Viewpoint / Company Building

Retaining All-Stars with Refresh Grants – Tips and Best Practices

Traditionally, option grants were only offered at the time of an employee’s initial hiring. Back in the 1990s and 2000s, the time to liquidity was generally shorter than it is today; it was harder to come by a job, and companies didn’t need to be overly generous. As the time to liquidity has increased over the past 15 years, and the tech ecosystem has greatly expanded, the battle to hire and retain top employees has become much more intense — thus current employee refresh grants were born and now commonly used for employee retention

Today, most startups are refreshing their compensation package because they’re acting on the defense and trying to keep great employees from leaving and taking a job with a competitor. This conversation typically arises around the three year mark and tends to be somewhat planned or formulaic.

Step one should always be to identify your WHY. Before anything else, make sure you’re crystal clear about what problems you’re trying to solve. What’s the purpose of this refresh? The design and changes you’re looking to develop really need to align with the goals and the outcomes you’re hoping for. Needless to say, this step is really the backbone of your refresh process, so you want to make sure it’s as solid as possible before diving into the details.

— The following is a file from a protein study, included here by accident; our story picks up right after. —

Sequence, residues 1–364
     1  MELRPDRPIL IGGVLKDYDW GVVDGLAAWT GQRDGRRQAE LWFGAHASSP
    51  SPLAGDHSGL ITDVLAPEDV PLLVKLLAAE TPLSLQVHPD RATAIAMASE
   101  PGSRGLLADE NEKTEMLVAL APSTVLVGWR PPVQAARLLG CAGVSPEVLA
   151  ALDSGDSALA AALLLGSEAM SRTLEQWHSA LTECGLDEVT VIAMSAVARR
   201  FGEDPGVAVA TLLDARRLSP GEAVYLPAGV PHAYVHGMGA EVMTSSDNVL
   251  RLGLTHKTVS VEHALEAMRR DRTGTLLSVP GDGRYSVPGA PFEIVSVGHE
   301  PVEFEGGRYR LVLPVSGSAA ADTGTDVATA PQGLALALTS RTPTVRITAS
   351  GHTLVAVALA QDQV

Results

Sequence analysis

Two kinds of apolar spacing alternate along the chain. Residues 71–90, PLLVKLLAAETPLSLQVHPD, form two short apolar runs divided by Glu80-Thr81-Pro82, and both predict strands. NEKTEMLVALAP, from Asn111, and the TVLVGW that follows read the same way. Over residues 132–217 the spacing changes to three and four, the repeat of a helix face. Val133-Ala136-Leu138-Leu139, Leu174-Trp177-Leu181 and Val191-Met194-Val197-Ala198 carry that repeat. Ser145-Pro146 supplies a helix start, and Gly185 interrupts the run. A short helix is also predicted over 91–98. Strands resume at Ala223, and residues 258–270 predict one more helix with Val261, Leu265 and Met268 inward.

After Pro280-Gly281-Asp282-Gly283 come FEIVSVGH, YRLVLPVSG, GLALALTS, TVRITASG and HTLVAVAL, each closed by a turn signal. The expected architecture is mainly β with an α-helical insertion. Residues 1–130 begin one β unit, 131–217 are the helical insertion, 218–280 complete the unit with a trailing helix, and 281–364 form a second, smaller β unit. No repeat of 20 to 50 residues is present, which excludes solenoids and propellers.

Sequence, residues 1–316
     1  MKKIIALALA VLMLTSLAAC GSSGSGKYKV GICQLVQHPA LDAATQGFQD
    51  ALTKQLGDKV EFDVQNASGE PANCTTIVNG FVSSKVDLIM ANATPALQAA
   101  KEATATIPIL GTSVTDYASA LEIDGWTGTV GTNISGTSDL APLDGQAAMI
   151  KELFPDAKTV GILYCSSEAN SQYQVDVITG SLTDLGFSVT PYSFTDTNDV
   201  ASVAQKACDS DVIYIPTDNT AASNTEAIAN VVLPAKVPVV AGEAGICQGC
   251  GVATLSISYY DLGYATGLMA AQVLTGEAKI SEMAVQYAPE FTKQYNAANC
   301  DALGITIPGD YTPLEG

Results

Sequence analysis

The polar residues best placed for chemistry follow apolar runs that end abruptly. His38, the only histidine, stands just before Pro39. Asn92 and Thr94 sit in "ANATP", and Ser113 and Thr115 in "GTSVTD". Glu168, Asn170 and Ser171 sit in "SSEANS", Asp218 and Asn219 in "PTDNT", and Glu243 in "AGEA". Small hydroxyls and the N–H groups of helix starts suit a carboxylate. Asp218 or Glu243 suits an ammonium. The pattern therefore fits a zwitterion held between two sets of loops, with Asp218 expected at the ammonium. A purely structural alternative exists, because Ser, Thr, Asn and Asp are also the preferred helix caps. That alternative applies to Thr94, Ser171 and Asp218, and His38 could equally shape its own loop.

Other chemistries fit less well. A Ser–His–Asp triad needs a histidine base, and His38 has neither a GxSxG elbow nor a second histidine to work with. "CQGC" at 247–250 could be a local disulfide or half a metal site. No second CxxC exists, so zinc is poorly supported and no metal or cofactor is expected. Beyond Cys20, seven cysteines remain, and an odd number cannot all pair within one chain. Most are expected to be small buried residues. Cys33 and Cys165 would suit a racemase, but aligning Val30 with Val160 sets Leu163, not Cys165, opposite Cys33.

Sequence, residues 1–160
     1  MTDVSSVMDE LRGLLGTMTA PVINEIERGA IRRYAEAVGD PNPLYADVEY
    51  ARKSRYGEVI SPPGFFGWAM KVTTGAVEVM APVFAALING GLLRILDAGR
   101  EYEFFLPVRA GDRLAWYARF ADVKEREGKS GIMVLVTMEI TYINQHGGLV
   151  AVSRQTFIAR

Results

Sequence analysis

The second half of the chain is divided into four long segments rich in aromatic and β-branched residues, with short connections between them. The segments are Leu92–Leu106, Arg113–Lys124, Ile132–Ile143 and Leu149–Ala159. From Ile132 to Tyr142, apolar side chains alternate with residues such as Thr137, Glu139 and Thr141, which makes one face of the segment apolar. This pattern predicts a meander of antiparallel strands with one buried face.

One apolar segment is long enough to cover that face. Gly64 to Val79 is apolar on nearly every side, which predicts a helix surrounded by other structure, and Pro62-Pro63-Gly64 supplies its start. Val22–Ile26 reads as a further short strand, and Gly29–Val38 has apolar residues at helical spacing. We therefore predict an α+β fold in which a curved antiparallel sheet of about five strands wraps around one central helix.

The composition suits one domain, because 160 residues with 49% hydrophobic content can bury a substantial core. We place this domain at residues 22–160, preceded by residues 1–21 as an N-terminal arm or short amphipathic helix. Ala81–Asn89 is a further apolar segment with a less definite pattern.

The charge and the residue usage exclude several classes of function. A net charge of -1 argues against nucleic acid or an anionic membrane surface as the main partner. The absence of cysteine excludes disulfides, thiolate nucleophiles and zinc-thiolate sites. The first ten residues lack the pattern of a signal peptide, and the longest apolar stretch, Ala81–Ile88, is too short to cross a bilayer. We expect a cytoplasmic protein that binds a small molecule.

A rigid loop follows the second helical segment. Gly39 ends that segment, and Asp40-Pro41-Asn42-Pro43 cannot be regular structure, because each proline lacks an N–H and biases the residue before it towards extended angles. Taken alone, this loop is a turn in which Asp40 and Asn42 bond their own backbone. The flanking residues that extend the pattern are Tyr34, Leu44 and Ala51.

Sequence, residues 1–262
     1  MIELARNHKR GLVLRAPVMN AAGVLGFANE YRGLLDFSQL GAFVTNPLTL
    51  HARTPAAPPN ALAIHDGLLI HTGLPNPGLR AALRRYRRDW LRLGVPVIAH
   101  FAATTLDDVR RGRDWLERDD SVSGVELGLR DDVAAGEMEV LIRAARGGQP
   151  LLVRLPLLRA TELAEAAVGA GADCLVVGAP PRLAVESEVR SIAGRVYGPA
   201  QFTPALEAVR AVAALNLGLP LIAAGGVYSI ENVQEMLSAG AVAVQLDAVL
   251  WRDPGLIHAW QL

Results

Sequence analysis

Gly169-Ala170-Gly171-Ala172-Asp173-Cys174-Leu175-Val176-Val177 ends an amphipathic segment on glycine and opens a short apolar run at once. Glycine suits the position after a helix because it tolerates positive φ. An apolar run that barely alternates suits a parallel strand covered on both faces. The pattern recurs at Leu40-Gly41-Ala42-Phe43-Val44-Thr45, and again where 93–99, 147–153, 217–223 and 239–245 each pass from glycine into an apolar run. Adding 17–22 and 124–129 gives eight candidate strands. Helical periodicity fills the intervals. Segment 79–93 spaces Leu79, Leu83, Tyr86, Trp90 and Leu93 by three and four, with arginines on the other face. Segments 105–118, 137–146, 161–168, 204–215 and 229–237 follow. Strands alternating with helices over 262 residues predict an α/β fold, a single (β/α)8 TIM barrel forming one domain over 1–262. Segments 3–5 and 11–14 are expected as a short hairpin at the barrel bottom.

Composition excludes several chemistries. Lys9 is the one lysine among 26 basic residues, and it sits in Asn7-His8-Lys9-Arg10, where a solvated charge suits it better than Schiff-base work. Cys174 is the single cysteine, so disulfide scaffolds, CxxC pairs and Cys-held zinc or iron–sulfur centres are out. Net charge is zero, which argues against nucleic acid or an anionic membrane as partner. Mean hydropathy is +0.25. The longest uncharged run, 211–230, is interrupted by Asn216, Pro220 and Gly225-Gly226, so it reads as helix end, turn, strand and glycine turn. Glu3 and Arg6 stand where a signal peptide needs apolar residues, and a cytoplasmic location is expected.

Companies typically decide it’s time for a compensation package “refresh” for one of two reasons: to retain great employees and add some “glue” to help you hold onto a great employee, or to reward strong performance (and encourage it to continue).

Implementing a refresh plan – best practices:

  • From a retention perspective, if you wait too long to put your refresh program in place, you may not have enough shares or be able to fix any issues. Start thinking about putting a formal refresh program in place at about 3 years into employment.
  • Performance-wise, the power of compensation is not just what you’re giving, but when you’re giving it. Keep in mind that it’s often better practice to give less –but more frequently. It’s also usually just better for the company to give smaller refresh grants than one large chunk of company equity at once.
  • If you’re going to move from a reactive program to a more timeline-based, formal refresh — make sure to continue to assess performance with the same standards and frequency in accordance to the rest of your organization.
  • Take a step back and think about what message you’re sending to the organization as a whole. If you decide to give refresh grants too soon or to a large chunk of the company  — how will that affect the other employees? Will the employees granted the option actually get the message you’re trying to send? Lacking strategy and perspective could risk giving too little to everyone and sending the wrong message — or sending no message at all.

Lastly, make sure the entire organization understands the refresh grant policy and how performance is measured. Offering refresh grants is often the key to retaining top talent — and the key to refresh grants is to make sure your process is consistent, fair, and transparent.

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